Those are some accurate non-universalist interpretations (which also work for annihilationism, as I’ll show in a minute). And yes, it’s not a good idea to dump this or that non-universalist eschatology simply because the idea sounds intolerable. Although, my Teacher C. S. Lewis (in the sense that he honored MacDonald as his own Teacher, so I’m following in their rabbinic school, so to speak ) used to insist that “hell is intolerable” while talking about how people in hell choose to tolerate it after all, so that he could tolerate it as a doctrine after all. So there’s intolerable, and there’s intolerable, apparently.
Don’t let anyone on any side of the aisle (of any aisle!) tell you the answer is easy and simple to get to. We’re talking about the Bible (and about metaphysical logic). It is freakishly detailed with lots of different kinds of details. No one should quickly come to a conclusion about what it’s teaching or not teaching in any direction.
So, keeping that in mind, and thus also in mind that trying to figure out the meaning of highly poetic dream imagery is not necessarily going to be easy, even by other Biblical standards : what, if anything, can be systematically analyzed about that passage?
1.) Are they entering into the city or not? The translation you gave is accurate to the language in Greek: they’re entering into the city where no one still fondling their sins can enter, such as those who are still practice idolatry and dishonesty – not unless their names are written in the Lamb’s Book of Life.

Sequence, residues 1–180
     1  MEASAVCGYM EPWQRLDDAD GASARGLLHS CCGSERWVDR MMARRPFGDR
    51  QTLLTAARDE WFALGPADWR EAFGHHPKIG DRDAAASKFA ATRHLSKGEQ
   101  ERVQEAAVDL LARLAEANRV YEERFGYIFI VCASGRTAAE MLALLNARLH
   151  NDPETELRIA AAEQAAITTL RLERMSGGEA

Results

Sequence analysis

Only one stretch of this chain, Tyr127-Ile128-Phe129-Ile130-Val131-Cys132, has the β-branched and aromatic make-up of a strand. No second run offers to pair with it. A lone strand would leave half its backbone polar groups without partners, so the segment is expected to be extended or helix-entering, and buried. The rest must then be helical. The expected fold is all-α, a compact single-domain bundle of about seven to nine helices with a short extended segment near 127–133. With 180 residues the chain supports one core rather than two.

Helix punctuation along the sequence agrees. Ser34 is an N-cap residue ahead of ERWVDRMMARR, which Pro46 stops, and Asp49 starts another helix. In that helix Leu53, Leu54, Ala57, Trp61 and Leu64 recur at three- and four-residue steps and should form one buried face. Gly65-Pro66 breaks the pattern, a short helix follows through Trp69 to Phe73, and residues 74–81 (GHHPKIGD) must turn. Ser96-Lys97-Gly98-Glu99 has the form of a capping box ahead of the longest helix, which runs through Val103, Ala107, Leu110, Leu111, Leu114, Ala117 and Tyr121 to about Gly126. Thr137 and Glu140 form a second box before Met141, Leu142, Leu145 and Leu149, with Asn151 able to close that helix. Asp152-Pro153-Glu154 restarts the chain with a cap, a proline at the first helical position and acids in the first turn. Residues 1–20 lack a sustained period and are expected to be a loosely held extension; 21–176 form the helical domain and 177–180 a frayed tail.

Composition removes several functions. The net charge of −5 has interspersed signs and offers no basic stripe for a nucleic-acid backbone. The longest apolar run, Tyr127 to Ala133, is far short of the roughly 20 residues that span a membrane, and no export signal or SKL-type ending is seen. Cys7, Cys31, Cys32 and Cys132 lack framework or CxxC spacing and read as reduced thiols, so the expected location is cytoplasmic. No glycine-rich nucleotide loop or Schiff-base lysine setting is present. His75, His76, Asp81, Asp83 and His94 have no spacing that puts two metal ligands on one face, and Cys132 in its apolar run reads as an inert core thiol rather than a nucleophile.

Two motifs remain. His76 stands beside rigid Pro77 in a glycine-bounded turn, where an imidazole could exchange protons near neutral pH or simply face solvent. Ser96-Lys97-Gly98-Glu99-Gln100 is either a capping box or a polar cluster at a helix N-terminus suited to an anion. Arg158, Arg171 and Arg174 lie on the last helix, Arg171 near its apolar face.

The Greek at the end there however is a bit unusual; it’s more like a predictive condition. In English it would be more accurately translated something like, “not until their names are written”. This has some bearing on what’s happening toward the end of Rev 22 – since those currently outside the city are being evangelized to repent of their sins and come in, and they’re being at least compared to those in the lake of fire outside the city who are still fondling their sins. This is so very obvious that the only way not to get post-mortem salvation out of it is to argue that the evangelical call is not in the same ‘scene’ as those still outside the city after the descent of the NJ (but the Bride is the NJ, and the exhortation is clearly to come into the NJ, so it’s hard to suddenly dichotomize the call as though it cannot apply to after the judgment but only before the judgment); or to argue that the call simply always fails or is only some kind of useful legal fiction to go through the motions because that’s what good people do. I used to hear both kinds of interpretation when growing up (RevJohn interpretation being very popular in Southern Baptist churches since the late 70s, to say the least); it only occurred to me much later that they cancel each other out very neatly, and that the evidence each theory acknowledges points to post-mortem evangelism and salvation.